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Opinion — Its okay to outgrow your college friends
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Megan PoeApril 12, 2024

Opinion: New Title IX ruling sabotages rights of victims

Photo+courtesy+of+Creative+commons+Photo+credit+Secretary+of+Education+Betsy+DeVos+at+CPAC+2017+Feb+23rd+2017+by+Michael+Vadon+by+Michael+Vadon+is+licensed+under+CC+BY+2.0
Photo courtesy of Creative commons Photo credit “Secretary of Education Betsy DeVos at CPAC 2017 Feb 23rd 2017 by Michael Vadon” by Michael Vadon is licensed under CC BY 2.0

On Friday, Aug 14, a new set of guidelines for Title IX enforcement in schools went into effect after being passed by the Department of Education (DOE) under Betsy DeVos.

Title IX, a nondiscrimination law often used to punish perpetrators of sexual harassment and assault in schools since the 1970’s, is considered a major milestone in working against the prevalence of sexual misconduct. However, many feel that this new ruling under DeVos is now causing Title IX to be used to silence victims.

The ruling focuses a great deal on implementing what is referred to by the administration as “due process” for those accused of sexual harassment, abuse and assault. In fact, throughout the ruling it appears that the writers were under the assumption that sexual misconduct is, if anything, over-reported. That is, the ruling asserts there is a significant problem of false claims by people coming forward as victims of being sexually harassed, abused or assaulted.

While false accusations of sexual misconduct do occur, it seems more concerning that sexual abuse and rape are underreported. It also seems more concerning that only a tiny fraction of reported rapes result in justice for the offender, even in legal systems, which the ruling intends to make schools further resemble. For example, in Minnesota, only 7% of rapes that are reported to police result in any type of conviction, according to reporting published by the Star Tribune. 

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A staggering 25.9% of undergraduate women experience “nonconsensual sexual contact by physical force or inability to consent,” according to a 2019 Campus Climate Survey by the Association of American Universities.

Yet with these facts in mind, the DOE chooses to prioritize the rights of those accused of sexual misconduct. In fact, the DOE’s relationship with the stats and data regarding sexual misconduct seems problematic in and of itself.

“Throughout the preamble, the Department references and summarizes statistics, data, research, and studies that commenters submitted. The Department’s reference to or summarization of these items, however, does not speak to their level of accuracy,” according to the ruling.

Why would the DOE include statistics, data, research, and studies that they don’t have full confidence in regarding their accuracy? Just like any other governmental agency, it is the responsibility of the department to provide factual information, and to base policy on factual information.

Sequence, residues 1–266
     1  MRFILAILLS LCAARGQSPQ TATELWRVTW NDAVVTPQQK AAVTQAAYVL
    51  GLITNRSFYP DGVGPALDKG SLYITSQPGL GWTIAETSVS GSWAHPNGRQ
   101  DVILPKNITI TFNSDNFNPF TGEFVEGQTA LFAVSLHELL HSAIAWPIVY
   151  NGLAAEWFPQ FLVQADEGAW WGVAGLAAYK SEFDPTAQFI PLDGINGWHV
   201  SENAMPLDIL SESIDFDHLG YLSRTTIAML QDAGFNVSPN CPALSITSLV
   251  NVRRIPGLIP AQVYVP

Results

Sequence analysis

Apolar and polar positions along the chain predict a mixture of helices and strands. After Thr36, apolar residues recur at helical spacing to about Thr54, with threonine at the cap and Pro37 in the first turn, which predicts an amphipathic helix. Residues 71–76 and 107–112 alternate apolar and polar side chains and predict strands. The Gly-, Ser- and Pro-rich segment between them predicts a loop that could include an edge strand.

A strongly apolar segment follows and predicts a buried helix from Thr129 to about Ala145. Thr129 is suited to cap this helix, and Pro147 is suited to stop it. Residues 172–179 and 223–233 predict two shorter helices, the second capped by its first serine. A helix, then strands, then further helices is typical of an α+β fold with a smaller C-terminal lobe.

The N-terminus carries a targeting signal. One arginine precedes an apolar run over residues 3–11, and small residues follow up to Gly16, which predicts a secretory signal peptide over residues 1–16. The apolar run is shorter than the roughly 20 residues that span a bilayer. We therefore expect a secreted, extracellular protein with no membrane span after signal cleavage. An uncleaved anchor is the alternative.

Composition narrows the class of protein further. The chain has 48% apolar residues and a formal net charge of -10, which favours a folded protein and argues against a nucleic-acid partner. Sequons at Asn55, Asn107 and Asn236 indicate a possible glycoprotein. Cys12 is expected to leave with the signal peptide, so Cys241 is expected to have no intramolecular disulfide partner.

A common argument found on the conservative end of the political spectrum regarding rape allegations focuses on the dangers of “cancel culture” and the negative impacts on the lives of those accused of sexual misconduct.

“These [new] procedural rights reflect the very serious nature of sexual harassment and the life-altering consequences that may follow a determination regarding responsibility for such conduct,” according to the ruling. 

One of these new procedural rights mandates that a victim of sexual assault should be cross-examined by their abuser. The ruling also removes mandatory reporting for school employees, except in the case of young children, making it more possible for cases of rape and abuse to go unreported. Additionally, victims can no longer remain anonymous when accusing someone of sexual misconduct.

I think we can all get behind the spirit of due process, sure. The DOE claims to aim for “strong procedural protections regardless of whether the student is a complainant or respondent,” but the ruling’s priorities seem to reveal a greater focus on protecting the accused from false accusations than on punishing those guilty of sexual misconduct.

If we want real justice for sexual misconduct, we need to begin with encouraging reporting rather than focusing our efforts on creating protections for perpetrators. School reporting systems already favor sexual predators. Our efforts should first go to improving reporting, reducing serial predation, reducing the prominence of abuse and rape in school settings, and obtaining a higher standard of justice for those who do manage to report their sexual victimization.

The writers of the ruling aim to correct a problem they perceived in previous Title IX guidance. It is apparently felt by the current DOE that previous guidance “implied that due process only benefits respondents, and implied that due process may need to yield to protect complainants,” according to the ruling.

The passage they refer to as concerning is the following: “Public and state-supported schools must provide due process to the alleged perpetrator. However, schools should ensure that steps taken to accord due process rights to the alleged perpetrator do not restrict or unnecessarily delay the Title IX protections for the complainant.”

This guidance has been retracted and dismissed by the DOE. So, now is it permissible to restrict and unnecessarily delay Title IX protections for victims of harassment and assault? It appears that will be the result.

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